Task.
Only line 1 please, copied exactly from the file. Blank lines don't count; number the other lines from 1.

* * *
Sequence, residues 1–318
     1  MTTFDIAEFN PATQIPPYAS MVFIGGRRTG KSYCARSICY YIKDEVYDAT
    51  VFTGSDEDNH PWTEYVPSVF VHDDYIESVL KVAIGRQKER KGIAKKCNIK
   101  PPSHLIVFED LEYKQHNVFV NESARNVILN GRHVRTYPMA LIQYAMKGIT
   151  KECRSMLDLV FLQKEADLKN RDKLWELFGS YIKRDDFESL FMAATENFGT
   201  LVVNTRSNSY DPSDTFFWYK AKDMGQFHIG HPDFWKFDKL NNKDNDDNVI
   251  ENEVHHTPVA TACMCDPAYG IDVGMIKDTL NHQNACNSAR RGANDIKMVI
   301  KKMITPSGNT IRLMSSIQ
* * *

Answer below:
Sequence, residues 1–318